Though tensions appeared to drop, they didn’t dissolve completely—one boy in the procession said, to no one in particular, “Man, there’s gonna be white blood in the streets tonight.” As Lindsay moved on, scattered looting took place in his wake. But the peace held.

Lindsay walked over to Frank’s, a popular 125th Street restaurant, where he met with labor leader Joe Overton and a few other Harlem notables. As he left, 40 minutes later, a local tough, who called himself Bobby, fell in behind the mayor. “Don’t worry,” the bulky black kid told Lindsay. “Nobody can get to you while Bobby’s here.”

At Convent Avenue and 125th Street, Lindsay and company encountered three hundred students marching from the City University of New York, several blocks north. He called on them to stop. There was plenty of time for memorial demonstrations during daylight hours. As Lindsay later recalled, “I kept moving, but finally I was hemmed in from all sides. Occasionally, I could hear my name shouted, and at other times I could hear men and women weeping or moaning... We edged to a clearing in the crowd, where another group of men moved close—also men I knew. The group began arguing about which was the better route for me to take.”

Bobby’s presence next to the mayor was a problem, too. Why did he get to play bodyguard? Members of a rival gang demanded that they be allowed to provide the mayor protection instead. A shouting match erupted, with Lindsay in the middle, suddenly helpless to calm things down. Just as things were getting nasty, Manhattan Borough president Percy Sutton, who had been quietly tailing the mayor, pulled up in his car and yelled for Lindsay and Bobby to jump in. They did, gladly. Without their object of competition, the rival crowds eased back, and the streets stayed peaceful.

Harlem wasn’t out of the woods yet, so to speak, but everyone agreed that Lindsay had made a huge difference by showing up at a time when many mayors across the country were hiding out in bunkerlike emergency operations centers. Jimmy Breslin, the city’s leading columnist, wrote, “He looked straight at the people on the streets and he told them he was sick and he was sorry about Martin Luther King. And the poor he spoke to who are so much more real than the rest of us, understood the truth of John Lindsay. And there was no riot in New York.” Garth later called him “the most courageous man I’ve ever seen.” Even historian Vincent Cannato, who wrote an excellent but highly critical biography of Lindsay, admitted that “in some ways, Lindsay’s reaction to the King riots represented a high point in his administration.”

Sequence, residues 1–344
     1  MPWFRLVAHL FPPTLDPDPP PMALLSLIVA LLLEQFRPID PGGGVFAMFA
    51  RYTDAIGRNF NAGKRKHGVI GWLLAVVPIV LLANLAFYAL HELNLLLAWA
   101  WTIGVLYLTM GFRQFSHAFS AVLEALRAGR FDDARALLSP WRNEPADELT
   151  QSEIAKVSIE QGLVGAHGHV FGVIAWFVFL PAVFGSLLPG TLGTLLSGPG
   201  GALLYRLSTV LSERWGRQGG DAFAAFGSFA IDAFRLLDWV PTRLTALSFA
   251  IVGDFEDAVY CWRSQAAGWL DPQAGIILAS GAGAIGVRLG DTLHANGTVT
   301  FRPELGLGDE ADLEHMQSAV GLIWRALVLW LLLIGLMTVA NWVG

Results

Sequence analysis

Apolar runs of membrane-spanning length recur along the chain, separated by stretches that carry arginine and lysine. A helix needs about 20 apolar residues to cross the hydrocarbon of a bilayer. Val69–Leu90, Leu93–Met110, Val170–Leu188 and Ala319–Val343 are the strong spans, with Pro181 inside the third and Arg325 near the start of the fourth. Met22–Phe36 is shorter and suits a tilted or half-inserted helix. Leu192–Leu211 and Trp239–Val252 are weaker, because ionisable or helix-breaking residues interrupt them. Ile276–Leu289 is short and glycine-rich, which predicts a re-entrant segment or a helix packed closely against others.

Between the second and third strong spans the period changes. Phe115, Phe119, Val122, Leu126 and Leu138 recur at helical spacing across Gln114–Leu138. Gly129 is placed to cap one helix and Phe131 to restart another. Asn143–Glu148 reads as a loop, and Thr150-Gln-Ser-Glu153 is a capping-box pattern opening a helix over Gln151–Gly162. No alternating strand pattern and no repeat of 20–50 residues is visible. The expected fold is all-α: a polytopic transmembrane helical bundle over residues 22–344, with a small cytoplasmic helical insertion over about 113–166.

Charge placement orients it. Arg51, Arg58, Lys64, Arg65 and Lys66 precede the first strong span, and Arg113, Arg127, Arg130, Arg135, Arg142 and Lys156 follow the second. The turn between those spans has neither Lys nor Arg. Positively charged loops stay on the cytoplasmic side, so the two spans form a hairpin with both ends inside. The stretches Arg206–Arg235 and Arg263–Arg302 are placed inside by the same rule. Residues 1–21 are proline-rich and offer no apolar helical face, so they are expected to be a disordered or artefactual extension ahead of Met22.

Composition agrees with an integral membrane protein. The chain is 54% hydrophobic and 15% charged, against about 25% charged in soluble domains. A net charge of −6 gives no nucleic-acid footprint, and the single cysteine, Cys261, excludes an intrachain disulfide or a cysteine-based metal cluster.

“He looked straight at the people on the streets and he told them he was sick and he was sorry about Martin Luther King. And the poor he spoke to who are so much more real than the rest of us, understood the truth of John Lindsay.”

The mayor got back to Gracie Mansion at 11:30 p.m. There he found an entire wing of the house buzzing with people: mayor’s office, police, fire, emergency services. His children had to double up in a spare bedroom to make space for weary staffers in need of a few minutes’ sleep.

That night five thousand cops and firemen were deployed in and around Harlem and in scattered parts of Brooklyn. There had been minor damage, 12 arrests—10 in Harlem, two in Brooklyn—and even a few fires. But nothing concentrated, and nothing sustained. At 1:00 a.m. Lindsay hopped back in the city Plymouth and visited Harlem again. Things had died down significantly; glass and debris littered some of the streets, but nothing uncontrollable.

Lindsay ordered the sanitation department out in force, so that the streets would be clean come daylight—better not to remind people of what had just happened. He went back to the mansion once more, this time to sleep. The mayor was in bed by 3:00 a.m.

biopic

TMN Contributing Writer Clay Risen’s first attempt to build a website fell apart after he learned that risen.com had been bought by a hardcore Christian rock band. Clay is a senior staff editor at the New York Times and the author, most recently, of The Bill of the Century: The Epic Battle for the Civil Rights Act. He lives in Brooklyn. More by Clay Risen